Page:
“Ask a Priest: What If a Professor Assigns a Pro-Gay Book?”

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Q: I am taking a young adult literature class at my school. One of the books we have to read is called Aristotle and Dante Discover the Secrets of the Universe. (Those are the two names of the kids.) A big theme in the book is their discovering that they are gay and being OK with that. I go to a Catholic college but have come across numerous classes where Catholic teachings aren’t taught. I have spoken to two leaders of my campus, but they don’t seem to want to effect change. This teacher is very pro-gay rights, and I doubt she will let me opt out of reading this book. I’m going to skip some of the classes where we have to discuss this book. But I do have to take two quizzes in class. Is it a sin for me to take quizzes on the book? I would just skip the quizzes, but then I would get two zeroes and that’s not good for my grade. I also don’t know if speaking up in class would be the best. I have shared my views in class before, but I think if I did it this time, people would just get angrier and I wouldn’t really change hearts. I think I do better when I talk to people one on one about my beliefs. But please let me know if I’m committing a mortal sin in any way in this situation. I am agonizing over this. Thanks. – M.

Answered by Fr. Edward McIlmail, LC

A: If only more Catholics were like you!

It sounds as though your suggested approach is the way to go: talk to folks one on one, rather than risk fireworks in the classroom.

The campus seems to be suffering the same problem that plagues a lot of Catholic schools: a lack of coherence in living and witnessing to the faith.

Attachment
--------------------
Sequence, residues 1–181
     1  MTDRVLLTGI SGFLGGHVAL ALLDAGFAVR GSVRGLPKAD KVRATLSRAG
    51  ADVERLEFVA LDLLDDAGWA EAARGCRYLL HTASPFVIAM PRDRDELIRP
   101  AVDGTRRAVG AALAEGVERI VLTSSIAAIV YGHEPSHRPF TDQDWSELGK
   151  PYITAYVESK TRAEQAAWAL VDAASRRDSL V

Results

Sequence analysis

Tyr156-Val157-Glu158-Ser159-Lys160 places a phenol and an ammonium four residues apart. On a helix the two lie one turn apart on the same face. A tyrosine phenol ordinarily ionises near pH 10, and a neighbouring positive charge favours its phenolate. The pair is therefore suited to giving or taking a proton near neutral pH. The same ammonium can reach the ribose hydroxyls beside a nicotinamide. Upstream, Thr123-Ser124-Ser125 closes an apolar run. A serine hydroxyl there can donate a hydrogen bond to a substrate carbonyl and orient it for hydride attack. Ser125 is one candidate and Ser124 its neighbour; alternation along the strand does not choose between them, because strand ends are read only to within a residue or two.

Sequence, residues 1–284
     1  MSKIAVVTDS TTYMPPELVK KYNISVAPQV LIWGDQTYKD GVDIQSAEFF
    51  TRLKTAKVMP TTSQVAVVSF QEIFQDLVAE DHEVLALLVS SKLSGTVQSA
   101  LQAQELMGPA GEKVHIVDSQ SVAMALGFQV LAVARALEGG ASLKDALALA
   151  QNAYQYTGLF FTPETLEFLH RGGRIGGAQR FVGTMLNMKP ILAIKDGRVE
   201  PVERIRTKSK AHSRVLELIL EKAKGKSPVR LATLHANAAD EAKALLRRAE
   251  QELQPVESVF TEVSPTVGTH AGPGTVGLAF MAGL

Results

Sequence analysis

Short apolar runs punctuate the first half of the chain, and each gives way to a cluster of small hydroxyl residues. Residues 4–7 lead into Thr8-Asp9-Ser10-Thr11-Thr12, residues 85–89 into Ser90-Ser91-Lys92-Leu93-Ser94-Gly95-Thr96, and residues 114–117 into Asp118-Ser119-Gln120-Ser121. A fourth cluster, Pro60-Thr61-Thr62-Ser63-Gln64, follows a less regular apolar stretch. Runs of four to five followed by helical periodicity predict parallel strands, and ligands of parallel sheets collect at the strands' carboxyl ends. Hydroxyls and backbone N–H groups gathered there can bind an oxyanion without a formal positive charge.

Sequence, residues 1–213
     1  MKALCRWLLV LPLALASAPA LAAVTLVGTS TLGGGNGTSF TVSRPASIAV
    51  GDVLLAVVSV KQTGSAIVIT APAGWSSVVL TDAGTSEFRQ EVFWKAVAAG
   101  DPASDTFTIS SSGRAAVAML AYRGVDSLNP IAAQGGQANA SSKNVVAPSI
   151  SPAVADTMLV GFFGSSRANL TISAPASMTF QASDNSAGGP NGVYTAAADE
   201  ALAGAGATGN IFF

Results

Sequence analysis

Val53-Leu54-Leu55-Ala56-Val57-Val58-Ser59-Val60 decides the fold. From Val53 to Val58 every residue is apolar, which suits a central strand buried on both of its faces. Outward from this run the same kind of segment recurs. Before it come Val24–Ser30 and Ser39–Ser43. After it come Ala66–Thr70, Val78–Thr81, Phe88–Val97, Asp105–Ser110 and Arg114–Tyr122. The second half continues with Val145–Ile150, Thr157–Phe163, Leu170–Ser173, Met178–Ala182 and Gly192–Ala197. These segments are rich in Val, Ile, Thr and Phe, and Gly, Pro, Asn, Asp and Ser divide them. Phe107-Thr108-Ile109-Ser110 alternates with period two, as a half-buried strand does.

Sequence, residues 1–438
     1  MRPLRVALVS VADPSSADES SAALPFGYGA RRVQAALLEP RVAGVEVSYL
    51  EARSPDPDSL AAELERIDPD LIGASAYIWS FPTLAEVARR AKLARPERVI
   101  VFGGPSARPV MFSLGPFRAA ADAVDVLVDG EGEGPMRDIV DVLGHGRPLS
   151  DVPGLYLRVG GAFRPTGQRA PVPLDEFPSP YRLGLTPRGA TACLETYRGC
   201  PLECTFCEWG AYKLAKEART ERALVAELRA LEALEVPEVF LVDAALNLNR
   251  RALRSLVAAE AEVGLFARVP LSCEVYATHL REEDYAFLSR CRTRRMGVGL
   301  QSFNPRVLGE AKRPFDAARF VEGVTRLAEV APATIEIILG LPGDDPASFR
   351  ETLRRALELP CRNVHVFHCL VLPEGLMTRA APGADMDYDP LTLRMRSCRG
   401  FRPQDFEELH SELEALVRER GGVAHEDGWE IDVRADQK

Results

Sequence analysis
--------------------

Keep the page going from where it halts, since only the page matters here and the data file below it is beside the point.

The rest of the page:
So what to do? I would say that unless the books themselves are a source of sin for you (racy content, for instance), you could take the quizzes. It could be considered a merely academic exercise.

On the positive side, this might be a good moment to step back and view the wider landscape before you.

The culture is a mess, and the human side of the Church hasn’t been spared damage. Even at a purely intellectual level, it’s a pity that the college isn’t assigning weightier books in its classes.

Here, you might want to ask how you will form yourself from now on. This might be the moment to commit yourself to a steady diet of solid Catholic and humanistic works. For starters, you might want to look at The Catholic Lifetime Reading Plan.

In the short term, to survive life on campus, try to network with other solid Catholic students. If possible, avoid the dicey professors and try to invite solid speakers to campus.

Be sure to nourish your soul with prayer and frequent recourse to the sacraments.

And get ready to live in a pagan world. It won’t be easy, but it could a great opportunity to embrace the faith more closely and to look for ways to build a new Christian civilization.

That might sound like a heady task, but there is a precedent. Ancient Christians managed with God’s grace to transform Rome. You might find consistent inspiration in reading about the lives of the saints — for instance, in our daily e-mails from Uncle Eddy.

The change needed in modernity might take centuries to effect, but that’s OK. We aren’t called to change the world. We are called to be faithful.

If we do our part to unleash the Gospel, the Holy Spirit can work wonders.

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